The state opening of Parliament will begin at 11.30am, with the Queen using her annual speech to announce upcoming legislation on behalf of the government. There are a few things for schools to look out for.
School funding and structure
The Queen is expected to announce plans for an “education for all” bill. This should give more information about proposals for a national funding formula and plans to convert more schools into academies.
The plans could have looked very different if the government’s initial suggestion of forcing all schools to become academies by 2022 had not met with such a groundswell of opposition, particularly from within the Conservative Party. The u-turn means the government will focus on converting schools overseen by “underperforming” or “unviable” councils, but how those will be defined will be the subject of a consultation and a vote of MPs.
New laws will seek to prevent people with “extremist” views from working with children, and will involve the details of those banned from doing so being passed to schools and councils. Any bill will have to set out how the government intends to define “extremist” in a robust way, so it can stand up to legal challenge.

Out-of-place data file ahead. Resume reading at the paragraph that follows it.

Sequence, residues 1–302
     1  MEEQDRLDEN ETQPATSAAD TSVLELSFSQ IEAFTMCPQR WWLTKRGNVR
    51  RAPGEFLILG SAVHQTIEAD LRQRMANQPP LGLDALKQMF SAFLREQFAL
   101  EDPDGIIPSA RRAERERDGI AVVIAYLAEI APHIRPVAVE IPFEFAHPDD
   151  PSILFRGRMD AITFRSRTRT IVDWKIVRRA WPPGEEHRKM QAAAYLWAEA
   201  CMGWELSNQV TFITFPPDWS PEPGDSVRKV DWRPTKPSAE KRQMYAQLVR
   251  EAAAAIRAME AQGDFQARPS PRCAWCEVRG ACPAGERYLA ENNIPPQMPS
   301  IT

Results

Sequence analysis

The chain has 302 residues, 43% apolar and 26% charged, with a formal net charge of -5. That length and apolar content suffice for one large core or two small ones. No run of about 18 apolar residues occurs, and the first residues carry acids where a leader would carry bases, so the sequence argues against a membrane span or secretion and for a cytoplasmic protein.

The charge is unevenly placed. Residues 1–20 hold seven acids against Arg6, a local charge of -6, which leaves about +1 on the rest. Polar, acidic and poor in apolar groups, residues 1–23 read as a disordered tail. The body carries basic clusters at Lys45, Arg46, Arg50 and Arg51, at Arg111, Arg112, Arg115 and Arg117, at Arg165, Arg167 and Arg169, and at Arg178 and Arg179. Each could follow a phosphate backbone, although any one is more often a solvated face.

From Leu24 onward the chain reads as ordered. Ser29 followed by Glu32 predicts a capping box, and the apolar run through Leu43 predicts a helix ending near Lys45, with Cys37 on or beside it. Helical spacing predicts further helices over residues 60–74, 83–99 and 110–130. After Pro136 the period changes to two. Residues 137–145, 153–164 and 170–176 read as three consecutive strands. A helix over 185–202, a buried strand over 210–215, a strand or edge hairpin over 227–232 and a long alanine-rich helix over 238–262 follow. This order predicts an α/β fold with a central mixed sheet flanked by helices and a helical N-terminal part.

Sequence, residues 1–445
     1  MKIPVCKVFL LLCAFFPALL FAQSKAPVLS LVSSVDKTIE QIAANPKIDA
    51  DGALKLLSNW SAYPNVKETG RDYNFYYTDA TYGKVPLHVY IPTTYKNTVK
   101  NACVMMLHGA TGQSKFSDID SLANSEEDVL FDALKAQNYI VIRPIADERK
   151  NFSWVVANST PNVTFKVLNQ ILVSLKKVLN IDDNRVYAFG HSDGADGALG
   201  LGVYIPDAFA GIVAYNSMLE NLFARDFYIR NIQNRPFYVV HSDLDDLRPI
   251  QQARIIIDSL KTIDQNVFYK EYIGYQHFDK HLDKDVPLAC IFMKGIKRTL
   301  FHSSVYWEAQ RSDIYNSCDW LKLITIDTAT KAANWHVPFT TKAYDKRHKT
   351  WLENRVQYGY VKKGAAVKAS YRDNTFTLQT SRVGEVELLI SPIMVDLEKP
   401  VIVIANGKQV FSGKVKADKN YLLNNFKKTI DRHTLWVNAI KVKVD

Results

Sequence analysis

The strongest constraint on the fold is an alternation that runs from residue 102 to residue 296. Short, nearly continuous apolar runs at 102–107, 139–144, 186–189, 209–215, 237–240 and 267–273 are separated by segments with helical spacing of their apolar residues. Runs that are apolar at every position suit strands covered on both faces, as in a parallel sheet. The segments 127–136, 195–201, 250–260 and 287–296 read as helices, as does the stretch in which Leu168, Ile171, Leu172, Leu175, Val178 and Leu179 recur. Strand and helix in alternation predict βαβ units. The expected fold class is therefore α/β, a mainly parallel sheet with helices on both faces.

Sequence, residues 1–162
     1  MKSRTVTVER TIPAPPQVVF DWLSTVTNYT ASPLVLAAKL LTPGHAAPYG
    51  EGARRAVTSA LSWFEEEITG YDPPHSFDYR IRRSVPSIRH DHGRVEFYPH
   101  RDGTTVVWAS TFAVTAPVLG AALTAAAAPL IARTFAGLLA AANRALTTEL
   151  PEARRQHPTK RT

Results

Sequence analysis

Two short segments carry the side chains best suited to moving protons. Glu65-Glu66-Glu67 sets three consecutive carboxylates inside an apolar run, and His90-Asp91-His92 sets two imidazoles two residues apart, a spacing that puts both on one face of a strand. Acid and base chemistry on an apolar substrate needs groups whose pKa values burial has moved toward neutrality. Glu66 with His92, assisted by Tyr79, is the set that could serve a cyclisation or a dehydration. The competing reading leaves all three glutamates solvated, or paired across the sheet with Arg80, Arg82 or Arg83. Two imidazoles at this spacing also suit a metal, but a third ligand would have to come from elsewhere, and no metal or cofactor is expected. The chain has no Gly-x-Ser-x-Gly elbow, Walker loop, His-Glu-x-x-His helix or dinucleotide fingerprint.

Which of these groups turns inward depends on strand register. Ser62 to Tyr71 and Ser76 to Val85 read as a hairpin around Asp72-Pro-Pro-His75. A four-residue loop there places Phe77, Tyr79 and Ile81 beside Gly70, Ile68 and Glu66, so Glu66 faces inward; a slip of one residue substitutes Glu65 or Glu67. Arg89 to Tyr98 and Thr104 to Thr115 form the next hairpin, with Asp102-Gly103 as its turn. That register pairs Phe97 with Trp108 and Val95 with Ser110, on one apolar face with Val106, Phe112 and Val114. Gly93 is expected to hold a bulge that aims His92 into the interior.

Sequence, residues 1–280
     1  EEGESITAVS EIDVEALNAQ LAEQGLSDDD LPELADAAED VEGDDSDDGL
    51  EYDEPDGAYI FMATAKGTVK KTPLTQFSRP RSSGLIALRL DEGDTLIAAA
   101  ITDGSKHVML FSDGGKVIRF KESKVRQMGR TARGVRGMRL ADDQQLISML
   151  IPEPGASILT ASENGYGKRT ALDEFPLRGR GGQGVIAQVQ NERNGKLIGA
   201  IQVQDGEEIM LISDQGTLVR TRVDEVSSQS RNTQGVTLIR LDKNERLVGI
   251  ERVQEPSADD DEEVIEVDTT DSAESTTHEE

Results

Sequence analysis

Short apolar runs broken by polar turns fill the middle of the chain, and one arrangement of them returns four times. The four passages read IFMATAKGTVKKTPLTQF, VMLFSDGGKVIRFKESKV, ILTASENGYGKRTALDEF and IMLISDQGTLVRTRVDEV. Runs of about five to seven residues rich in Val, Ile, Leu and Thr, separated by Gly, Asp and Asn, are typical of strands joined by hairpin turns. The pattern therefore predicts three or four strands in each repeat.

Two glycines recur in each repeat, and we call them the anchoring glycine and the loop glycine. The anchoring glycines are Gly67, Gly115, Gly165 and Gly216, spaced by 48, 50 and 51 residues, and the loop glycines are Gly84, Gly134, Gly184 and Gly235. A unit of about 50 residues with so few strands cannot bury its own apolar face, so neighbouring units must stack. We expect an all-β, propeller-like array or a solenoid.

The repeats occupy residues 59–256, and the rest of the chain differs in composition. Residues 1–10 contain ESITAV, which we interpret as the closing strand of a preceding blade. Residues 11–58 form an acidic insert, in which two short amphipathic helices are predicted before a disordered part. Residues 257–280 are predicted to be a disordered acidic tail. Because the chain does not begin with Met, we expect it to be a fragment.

In terms of the impact on schools, the main workload will fall on the Criminal Records Bureau (CRB), which will have to keep schools informed of who they can and cannot have in for school assemblies and talks, but some vigilance on the part of leaders will be needed.
Michael Gove, now the justice secretary, wants to devolve powers to prison governors and make the institutions more autonomous. Sound familiar?
If Gove is going to do for prisons what he’s done for schools, it’s possible that some of the big hitters in the academies sector could become involved, but we await further details on how far down the “academisation” route the former education secretary will take the penal system.